July 17, 2014
U.S. Senate Overwhelmingly Passes TRIA Reauthorization Bill; Bipartisan Bill Would Renew Vital Program for Seven Years
With a bipartisan vote of 93-4, the U.S. Senate today overwhelmingly passed legislation to reauthorize the Terrorism Risk Insurance Act (TRIA) for seven years through 2021, while making several modifications to the program. TRIA was established in the wake of 9/11 to provide a federal risk-sharing mechanism to help insure against losses resulting from foreign and domestic terrorist attacks. The bill, S. 2244, the “Terrorism Risk Insurance Program Reauthorization Act of 2014,” was initially introduced in April by several of the Senate Committee on Banking, Housing & Urban Affairs (Senate Banking Committee) members, including Senators Charles Schumer (D-NY), Dean Heller (R-NV), and Mark Kirk (R-IL), and was passed by that committee last month by a unanimous vote of 22-0.
The Coalition to Insure Against Terrorism (CIAT) representing the insurance policyholder community, and which NAREIT is a founding member, sent a letter to all senators prior to the vote endorsing S. 2244 and encouraging its adoption. Similar to comments they made before the Senate Banking Committee, Committee Chairman Tim Johnson (D-SD) and Ranking Member Michael Crapo (R-ID) made strong statements on the Senate floor in support of adopting the bill in order to reauthorize TRIA before it expires at the end of 2014. They both agreed that passage of S. 2244 would achieve the right balance within TRIA that promotes economic growth and provides certainty for commercial property development and job creation across the country while increasing taxpayer protection in the event of a terrorist attack.
As adopted by the Senate, in addition to reauthorizing TRIA for seven years through 2021, S. 2244 would incorporate two principal modifications to the program:
The first change would incrementally increase the insurers’ co-pay beginning in 2016 from the current level of 15 percent to 20 percent (i.e., the government would cover 80 percent of each insurer’s losses instead of 85 percent) in the event of a terrorist attack that triggers TRIA into effect.
The second modification would increase the aggregate amount of overall insured losses for which repayment of any federal share is mandatory from the current level of $27.5 billion to $37.5 billion incrementally over a five-year period.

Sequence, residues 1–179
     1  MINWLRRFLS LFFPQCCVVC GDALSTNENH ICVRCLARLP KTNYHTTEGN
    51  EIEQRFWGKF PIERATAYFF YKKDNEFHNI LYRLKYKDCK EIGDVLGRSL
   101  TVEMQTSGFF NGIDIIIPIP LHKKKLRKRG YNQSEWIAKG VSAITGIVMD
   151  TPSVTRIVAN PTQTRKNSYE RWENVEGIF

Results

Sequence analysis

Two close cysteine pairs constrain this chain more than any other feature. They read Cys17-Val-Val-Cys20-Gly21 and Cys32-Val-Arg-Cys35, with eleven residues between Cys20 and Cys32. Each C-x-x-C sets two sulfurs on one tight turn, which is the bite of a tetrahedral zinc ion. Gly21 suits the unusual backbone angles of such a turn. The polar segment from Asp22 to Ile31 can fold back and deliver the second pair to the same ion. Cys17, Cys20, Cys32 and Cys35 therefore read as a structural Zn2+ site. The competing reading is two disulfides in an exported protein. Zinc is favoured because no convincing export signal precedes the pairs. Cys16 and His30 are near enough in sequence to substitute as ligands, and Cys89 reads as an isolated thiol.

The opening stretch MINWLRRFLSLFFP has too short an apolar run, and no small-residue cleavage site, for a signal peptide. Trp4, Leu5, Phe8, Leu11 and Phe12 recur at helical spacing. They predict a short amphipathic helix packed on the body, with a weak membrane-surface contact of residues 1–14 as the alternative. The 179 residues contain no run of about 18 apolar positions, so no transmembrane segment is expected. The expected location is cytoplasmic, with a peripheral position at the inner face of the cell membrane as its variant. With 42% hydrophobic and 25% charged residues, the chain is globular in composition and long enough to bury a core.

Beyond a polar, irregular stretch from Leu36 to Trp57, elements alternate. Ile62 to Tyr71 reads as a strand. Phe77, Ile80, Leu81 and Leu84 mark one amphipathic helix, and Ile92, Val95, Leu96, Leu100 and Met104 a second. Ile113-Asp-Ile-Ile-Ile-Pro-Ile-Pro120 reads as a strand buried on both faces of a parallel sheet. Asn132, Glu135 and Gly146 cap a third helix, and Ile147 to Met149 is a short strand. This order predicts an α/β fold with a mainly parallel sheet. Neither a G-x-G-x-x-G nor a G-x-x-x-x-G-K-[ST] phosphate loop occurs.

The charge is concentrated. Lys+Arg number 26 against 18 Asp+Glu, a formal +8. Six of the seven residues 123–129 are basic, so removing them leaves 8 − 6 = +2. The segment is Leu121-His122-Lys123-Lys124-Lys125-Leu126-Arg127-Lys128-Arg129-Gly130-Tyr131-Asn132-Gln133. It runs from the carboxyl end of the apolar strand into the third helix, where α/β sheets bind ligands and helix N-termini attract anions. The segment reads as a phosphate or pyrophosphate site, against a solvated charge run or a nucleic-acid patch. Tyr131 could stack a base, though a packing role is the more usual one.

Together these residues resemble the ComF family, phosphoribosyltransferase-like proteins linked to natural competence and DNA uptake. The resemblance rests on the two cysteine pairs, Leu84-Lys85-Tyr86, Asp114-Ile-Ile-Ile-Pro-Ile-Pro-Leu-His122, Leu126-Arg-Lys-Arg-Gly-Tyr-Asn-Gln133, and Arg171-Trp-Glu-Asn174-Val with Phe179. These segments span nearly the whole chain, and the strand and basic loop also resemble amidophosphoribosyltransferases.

Several relevant amendments were offered and approved during consideration on the Senate floor Thursday, but only one amendment offered by Senator Tom Coburn (R-OK), a member of the Senate Banking Committee, would have made an additional change to the existing program. His amendment, which the Senate defeated, 49-47, would have modified the current mandatory recoupment feature of TRIA and required that any federal payments made after a terrorist event occurs to be completed within 10 years of the attack, rather than within 10 years of the Act’s reauthorization. The Coburn amendment was defeated, with CIAT’s support, because it would have resulted in a budget score for S. 2244 that increased the federal deficit. As approved by the Senate, S. 2244 would raise revenues and reduce the deficit by an amount of approximately $460 million.
NAREIT applauds Chairman Johnson and Ranking Member Crapo for their leadership in crafting a reauthorization proposal that garnered such tremendous bipartisan support in the Senate. The reauthorization would continue to protect taxpayer interests and limit the government’s exposure to only the most extreme terrorist events while preserving the availability of terrorism risk insurance in the current marketplace. In addition, NAREIT appreciates the many comments made in support of S. 2244 during Tuesday’s floor consideration, especially those from Senators Charles Schumer (D-NY), Chris Murphy (D-CT) and Dean Heller (R-NV), whose overall support for TRIA reauthorization proved essential to securing S. 2244’s passage.
“This is a significant step in the right direction as we work to reauthorize TRIA,” said NAREIT president & CEO Steven A. Wechsler. “The House should follow the Senate’s lead and move quickly to bring a comparable proposal to a vote. Only then can Congress complete the process and get legislation to the President’s desk. We will continue to work with the House and Senate to help move this program, which is so critical to U.S. economic stability and security, toward final reauthorization.”
The Senate will now wait for the House of Representatives to consider its own TRIA reauthorization proposal, H.R. 4871, the "TRIA Reform Act of 2014," which passed the House Financial Services Committee on June 20, and which may occur within the next two weeks prior to the August congressional recess period. Assuming that occurs, NAREIT anticipates a House-Senate conference committee will convene in some manner later this fall to begin reconciling the differences in the two bills before a final proposal can be presented to both the House and the Senate for approval, and then sent to President Obama for signature before the year concludes.
If you have any questions or comments, please contact Robert Dibblee, NAREIT's SVP, government relations, at email@example.com.